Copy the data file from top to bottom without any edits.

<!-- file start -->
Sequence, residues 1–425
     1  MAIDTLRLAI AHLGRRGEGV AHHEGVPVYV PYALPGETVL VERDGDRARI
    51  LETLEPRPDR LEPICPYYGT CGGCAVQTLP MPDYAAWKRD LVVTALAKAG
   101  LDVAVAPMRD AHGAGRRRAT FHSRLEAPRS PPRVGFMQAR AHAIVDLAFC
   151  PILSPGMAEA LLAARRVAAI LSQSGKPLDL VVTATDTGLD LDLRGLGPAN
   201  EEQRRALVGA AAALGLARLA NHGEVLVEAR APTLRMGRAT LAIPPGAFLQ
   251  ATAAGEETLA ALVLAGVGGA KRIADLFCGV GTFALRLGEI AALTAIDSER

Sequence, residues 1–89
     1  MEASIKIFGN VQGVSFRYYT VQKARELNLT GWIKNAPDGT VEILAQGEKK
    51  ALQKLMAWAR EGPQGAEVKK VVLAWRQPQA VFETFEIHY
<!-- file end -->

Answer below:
Sequence, residues 1–425
     1  MAIDTLRLAI AHLGRRGEGV AHHEGVPVYV PYALPGETVL VERDGDRARI
    51  LETLEPRPDR LEPICPYYGT CGGCAVQTLP MPDYAAWKRD LVVTALAKAG
   101  LDVAVAPMRD AHGAGRRRAT FHSRLEAPRS PPRVGFMQAR AHAIVDLAFC
   151  PILSPGMAEA LLAARRVAAI LSQSGKPLDL VVTATDTGLD LDLRGLGPAN
   201  EEQRRALVGA AAALGLARLA NHGEVLVEAR APTLRMGRAT LAIPPGAFLQ
   251  ATAAGEETLA ALVLAGVGGA KRIADLFCGV GTFALRLGEI AALTAIDSER

Sequence, residues 1–89
     1  MEASIKIFGN VQGVSFRYYT VQKARELNLT GWIKNAPDGT VEILAQGEKK
    51  ALQKLMAWAR EGPQGAEVKK VVLAWRQPQA VFETFEIHY